Choosing the right paint is often a big problem. And it’s not just about colour, but also about the type of paint and its quality. In the maze of information, it is difficult to find the most valuable answers. The key to success is to start learning about the subject from the very beginning, i.e. from the information on what paint actually is.
Paint is a mixture that produces a coloured coating on any surface on which it is applied. It consists of solvents, pigments and fillers, polymeric binders and additives such as dispersants, thickeners, defoamers and other functional additives.
Each paint ingredient affects the properties of the finished product. Therefore, it is worth knowing what function each of them performs in order to be able to evaluate the quality of the composition and choose the paint that has the best parameters in relation to the price. The most important ingredients that we can find in paints are:
Solvents are also used in the production of paints. These can be organic liquids or water, which is the base of waterborne paints. Such paints are also called dispersion paints, in which solids are dispersed in water. This means that the dispersed phase (pigments, fillers, film-forming polymer) is suspended in water in the form of single particles that are separated from each other by solvent molecules. The stabilization of this system is ensured by surfactants.
It is also worth mentioning that one of the most important components of the paint, i.e. the film-forming binder, is a dispersion of a specific polymer in water. It is obtained in the process of emulsion polymerization, in which surfactants play an important role. These agents enable effective emulsification of the monomer in water, creating the areas where the polymerization reaction takes place. In addition, they stabilize the polymer molecules formed, giving stability to the entire dispersion. Systems of anionic and non-ionic surfactants are most often used in emulsion polymerization. The most commonly used binders include b. These binders are selected depending on the requirements of the final paint composition, i.e. price, gloss, resistance to abrasion, atmospheric conditions and UV radiation, etc.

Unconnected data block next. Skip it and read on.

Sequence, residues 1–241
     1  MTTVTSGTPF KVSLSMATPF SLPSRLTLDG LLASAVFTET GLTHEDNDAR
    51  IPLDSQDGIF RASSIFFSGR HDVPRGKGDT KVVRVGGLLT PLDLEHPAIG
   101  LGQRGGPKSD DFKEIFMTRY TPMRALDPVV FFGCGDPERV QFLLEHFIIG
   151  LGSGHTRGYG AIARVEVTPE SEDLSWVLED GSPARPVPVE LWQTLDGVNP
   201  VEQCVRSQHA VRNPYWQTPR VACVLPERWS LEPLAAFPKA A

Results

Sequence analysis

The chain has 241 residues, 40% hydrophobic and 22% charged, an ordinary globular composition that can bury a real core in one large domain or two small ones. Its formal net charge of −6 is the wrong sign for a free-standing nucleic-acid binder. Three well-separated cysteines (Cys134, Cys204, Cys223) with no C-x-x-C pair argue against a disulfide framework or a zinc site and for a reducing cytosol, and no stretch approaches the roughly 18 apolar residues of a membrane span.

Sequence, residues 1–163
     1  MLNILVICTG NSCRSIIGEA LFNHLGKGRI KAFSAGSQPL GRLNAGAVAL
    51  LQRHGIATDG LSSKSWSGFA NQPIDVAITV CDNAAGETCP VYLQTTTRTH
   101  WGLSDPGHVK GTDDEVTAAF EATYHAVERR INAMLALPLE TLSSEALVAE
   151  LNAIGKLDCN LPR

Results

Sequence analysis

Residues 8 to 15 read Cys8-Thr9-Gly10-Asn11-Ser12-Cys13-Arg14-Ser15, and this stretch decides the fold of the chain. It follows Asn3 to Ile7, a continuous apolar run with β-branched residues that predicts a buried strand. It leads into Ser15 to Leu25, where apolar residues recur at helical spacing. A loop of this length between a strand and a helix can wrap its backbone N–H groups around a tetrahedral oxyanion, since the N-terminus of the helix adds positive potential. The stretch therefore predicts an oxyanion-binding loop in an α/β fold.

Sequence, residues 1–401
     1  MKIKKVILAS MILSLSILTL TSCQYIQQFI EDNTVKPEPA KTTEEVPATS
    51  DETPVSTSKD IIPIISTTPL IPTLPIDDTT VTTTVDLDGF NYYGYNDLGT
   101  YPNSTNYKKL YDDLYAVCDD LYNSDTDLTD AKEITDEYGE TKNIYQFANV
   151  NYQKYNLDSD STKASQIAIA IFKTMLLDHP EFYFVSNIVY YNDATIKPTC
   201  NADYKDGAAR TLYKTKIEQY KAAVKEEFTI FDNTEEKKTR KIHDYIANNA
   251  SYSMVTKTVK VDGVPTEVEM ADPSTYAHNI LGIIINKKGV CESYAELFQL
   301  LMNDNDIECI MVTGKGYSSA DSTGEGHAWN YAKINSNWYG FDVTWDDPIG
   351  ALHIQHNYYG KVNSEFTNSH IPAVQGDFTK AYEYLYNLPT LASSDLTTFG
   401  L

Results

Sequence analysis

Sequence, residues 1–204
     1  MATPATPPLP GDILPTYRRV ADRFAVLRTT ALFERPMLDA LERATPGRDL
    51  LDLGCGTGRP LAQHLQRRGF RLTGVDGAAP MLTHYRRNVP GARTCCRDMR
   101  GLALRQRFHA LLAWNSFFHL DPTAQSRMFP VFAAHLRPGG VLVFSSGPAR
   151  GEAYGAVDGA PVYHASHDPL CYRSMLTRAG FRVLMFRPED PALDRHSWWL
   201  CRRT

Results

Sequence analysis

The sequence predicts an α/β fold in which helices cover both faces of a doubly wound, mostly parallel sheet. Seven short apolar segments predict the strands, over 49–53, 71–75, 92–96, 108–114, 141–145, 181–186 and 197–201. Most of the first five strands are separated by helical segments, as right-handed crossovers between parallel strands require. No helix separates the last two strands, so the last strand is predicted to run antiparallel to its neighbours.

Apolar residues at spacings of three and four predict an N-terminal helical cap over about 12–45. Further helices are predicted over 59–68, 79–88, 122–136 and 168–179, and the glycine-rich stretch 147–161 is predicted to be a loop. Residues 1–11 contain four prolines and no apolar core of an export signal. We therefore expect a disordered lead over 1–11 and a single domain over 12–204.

The advantages of waterborne preparations over paints containing organic solvents are:
An additional advantage of waterborne paints is their compatibility with gypsum, concrete, plaster, brick, wood and plastic substrates. However, they are not suitable for covering limestone objects and plasters containing a lot of lime. Dispersion paints are suitable for painting both indoor and outdoor surfaces. They are characterized by high durability and abrasion resistance, and at the same time they are very efficient.
Waterborne dispersion paints are also known as emulsion paints and latex paints. Each of them is a dispersion system and in fact all of them could be categorized in this way, yet they appear under different names. Why is this the case?
The emulsion is a variant of dispersion in which both the dispersed phase and dispersion medium are liquids – liquid resin and water. Emulsion paints, among other types of coatings, are perceived as products for use in less demanding rooms, usually inside the buildings. Therefore, in everyday language, emulsion paint means a lower quality product.
It is similar with latex paints. They are often seen as high-quality products, resistant to various factors. In reality, however, the word latex is synonymous with the word dispersion. These terms are commonly used interchangeably in America. This is due to differences in the translation and origin of words. It is confirmed by the provision included in the terms and definitions of lacquer products with the symbol PN-EN 971-1. It contains the phrase “dispersion paint (emulsion paint, latex paint)”.
The paint quality is confirmed by the content of binder and pigments in the product. The higher the content of these ingredients, the better the product. A lower paint grade can be identified by high filler content and low pigmentation. Such a preparation is characterized by poor coverage, and thus the need to apply several layers of paint on the surface. As a result, it may turn out that cheaper paint of lower quality will be a more expensive solution due to low efficiency.